Prominent Catholic leaders join with HRC to condemn trans discrimination

transgender pride flag
transgender pride flag

Trans folks are in need of additional support from the religious community

The Human Rights Campaign Foundation has been joined by Archbishop John Wester, Bishop John Stowe, The Association of U.S. Catholic Priests and other Catholic leaders, in releasing a letter disavowing discrimination and violence against the transgender community. The letter goes on to affirm that Catholic teachings command that all people are to be treated with dignity and respect.

“The life-threatening violence against the transgender community, spurred by discrimination and hate, is a moral issue and one in which the voices of Catholic leaders are critical to the safety of our transgender siblings,” said Alphonso David, President of the HRC. “This is a critical moment to come together united, propelled by our faith, and lift our voices to unequivocally say that transgender rights are human rights, and they must be protected.”

The letter notes the urgency to end the epidemic of violence against the transgender community, particularly affecting transgender women of color. It goes on to say that as Catholic leaders, it is their duty to uphold every person’s humanity, and never tolerate unjust discrimination.

In 2020, the Human Rights Campaign tracked at least 44 deaths of transgender and gender non-conforming people, of which the majority of victims were Black or Brown. HRC recorded more violent deaths of transgender and gender non-conforming people last year than in any year since tracking began in 2013. HRC says more than 200 deaths have been recorded since tracking began. Of these victims, 78% have been transgender women of color and 85% have been transgender and gender non-conforming people of color.

Since the start of 2021, HRC has tracked 12 more known deaths of transgender or non-binary people—making the start of this year unprecedently violent. In the face of this escalation of violence, HRC said it is more critical for people of all faiths to join and declare that discrimination against the transgender community must immediately stop.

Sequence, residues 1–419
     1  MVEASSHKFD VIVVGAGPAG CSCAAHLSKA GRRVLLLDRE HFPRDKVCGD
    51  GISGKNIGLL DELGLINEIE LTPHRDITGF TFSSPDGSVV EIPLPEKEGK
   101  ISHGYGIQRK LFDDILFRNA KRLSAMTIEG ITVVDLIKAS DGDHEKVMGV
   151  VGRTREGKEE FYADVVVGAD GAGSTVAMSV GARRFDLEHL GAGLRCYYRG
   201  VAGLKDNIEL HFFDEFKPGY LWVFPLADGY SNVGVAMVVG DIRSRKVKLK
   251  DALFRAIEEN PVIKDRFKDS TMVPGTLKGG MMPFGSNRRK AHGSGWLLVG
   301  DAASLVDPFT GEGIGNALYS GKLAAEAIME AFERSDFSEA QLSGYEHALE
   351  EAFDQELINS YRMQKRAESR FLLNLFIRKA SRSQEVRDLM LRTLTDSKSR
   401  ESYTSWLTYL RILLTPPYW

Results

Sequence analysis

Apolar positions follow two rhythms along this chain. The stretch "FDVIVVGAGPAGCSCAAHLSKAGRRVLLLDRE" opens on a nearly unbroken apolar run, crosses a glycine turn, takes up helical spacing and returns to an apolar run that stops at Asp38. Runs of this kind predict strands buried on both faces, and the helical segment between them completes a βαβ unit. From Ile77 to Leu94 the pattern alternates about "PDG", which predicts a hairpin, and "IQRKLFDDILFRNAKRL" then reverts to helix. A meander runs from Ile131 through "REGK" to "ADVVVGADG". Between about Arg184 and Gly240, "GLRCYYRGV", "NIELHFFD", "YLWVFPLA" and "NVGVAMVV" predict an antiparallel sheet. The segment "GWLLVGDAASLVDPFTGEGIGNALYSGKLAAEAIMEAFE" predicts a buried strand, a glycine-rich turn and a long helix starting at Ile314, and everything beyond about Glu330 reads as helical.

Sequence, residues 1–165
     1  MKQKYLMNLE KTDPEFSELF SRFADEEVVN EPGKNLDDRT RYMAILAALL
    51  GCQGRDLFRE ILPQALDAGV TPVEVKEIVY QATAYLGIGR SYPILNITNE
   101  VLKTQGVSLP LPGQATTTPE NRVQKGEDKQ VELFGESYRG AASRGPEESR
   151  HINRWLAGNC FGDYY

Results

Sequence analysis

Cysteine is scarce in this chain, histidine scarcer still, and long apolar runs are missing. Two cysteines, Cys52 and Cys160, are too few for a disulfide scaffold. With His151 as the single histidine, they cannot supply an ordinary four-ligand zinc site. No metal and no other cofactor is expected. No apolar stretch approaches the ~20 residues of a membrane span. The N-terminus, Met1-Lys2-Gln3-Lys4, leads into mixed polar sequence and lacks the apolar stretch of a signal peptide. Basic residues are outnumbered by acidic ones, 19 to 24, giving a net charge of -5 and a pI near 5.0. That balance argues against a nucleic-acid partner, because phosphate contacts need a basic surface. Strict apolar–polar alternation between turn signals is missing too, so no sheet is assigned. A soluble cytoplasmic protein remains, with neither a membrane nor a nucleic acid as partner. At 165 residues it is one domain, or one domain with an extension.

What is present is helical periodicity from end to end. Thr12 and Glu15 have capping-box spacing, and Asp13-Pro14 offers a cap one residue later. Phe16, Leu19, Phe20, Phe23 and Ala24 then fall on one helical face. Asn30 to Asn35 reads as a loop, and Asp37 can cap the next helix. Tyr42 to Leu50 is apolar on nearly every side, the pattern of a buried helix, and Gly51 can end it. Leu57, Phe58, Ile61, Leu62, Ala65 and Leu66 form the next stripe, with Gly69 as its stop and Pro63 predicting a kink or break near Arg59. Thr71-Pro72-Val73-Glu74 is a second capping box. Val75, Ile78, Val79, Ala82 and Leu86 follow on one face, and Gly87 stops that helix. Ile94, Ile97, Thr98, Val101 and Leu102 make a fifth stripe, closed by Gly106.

The letter reads in full:

Noting with urgency the words of St. John Paul II in Evangelium Vitae that, “every individual, precisely by reason of the mystery of the Word of God who was made flesh, is entrusted to the maternal care of the Church. Therefore every threat to human dignity and life must necessarily be felt in the Church’s very heart; it cannot but affect her at the core of her faith in the Redemptive Incarnation of the Son of God, and engage her in her mission of proclaiming the Gospel of life in all the world and to every creature,” (Evangelium Vitae 3) we, Bishops, religious and lay leaders of the Roman Catholic Church join with the Human Rights Campaign in calling for an end to the epidemic of violence against transgender individuals.

The Catechism of the Catholic Church teaches that “every sign of unjust discrimination” against LGBTQ people “should be avoided.” We are commanded to respect the full dignity and humanity in every individual, and to be people of justice, mercy and compassion. That we might not understand an individual’s experience, does not mean we are to discriminate against them, nor tolerate any form of discrimination they might endure. We are never commanded, neither in Sacred Scripture nor in Sacred Tradition, to discriminate against anyone, but instead to be stewards of justice and mercy.

It should alarm all Catholics that individuals who are transgender experience disproportionate rates of discrimination, harrassment and violence—violence that is often fatal, and that overwhelming affects Black and Brown individuals. Last year, at least 44 people in the United States were the victims of this fatal violence. It is critical that we as Catholic leaders and lay people, do everything we can to prevent any further discrimination or harm. This must start with more Catholic leaders underscoring the humanity of our dear neighbors.

The defense of human dignity is one of our highest callings of our baptism, and we we are empowered by the Holy Spirit to do all that is necessary to end discrimination and violence.

The Holy Father, Pope Francis, writes that, “we cannot be indifferent to suffering; we cannot allow anyone to go through life as an outcast. Instead, we should feel indignant, challenged to emerge from our comfortable isolation and to be changed by our contact with human suffering.” (Fratelli Tutti 68). It is our Catholic duty to affirm the dignity of transgender people and to defend them from harm.

St. Bonaventure wrote that, “we are led to contemplate God in [all creation].” This is no less true of our transgender siblings. Transgender people have always been members of our local parishes and the witness of their lives has leads us to greater contemplation of God and the mystery of our faith. To our transgender siblings, may you always know that the Image of God resides in you, and that God loves you.

Faithfully yours,

Individual Signatories

  • Archbishop John Wester, Archdiocese of Santa Fe, NM
  • Bishop John Stowe, O.F.M. Conv., Diocese of Lexington, KY
  • Fr. Michael Garanzini, SJ, President, Association of Jesuit Colleges and Universities
  • Tom Chabollah, President, Jesuit Volunteer Corps
  • Fr. Bob Bonnot, Executive Director, AUSCP
  • Fr. Louis Arcenaeaux, C.M., Secretary, AUSCP
  • Fr. Neil Pezzulo, H.J.D.
  • Fr. Daniel P. Horan, OFM, Duns Scotus Professor of Spirituality, Catholic Theological Union, Chicago
  • Fr. Bryan Massingale, Professor of Theology, Fordham University

Organizational Signatories

  • Association of U.S. Catholic Priests
  • Jesuit Volunteer Corps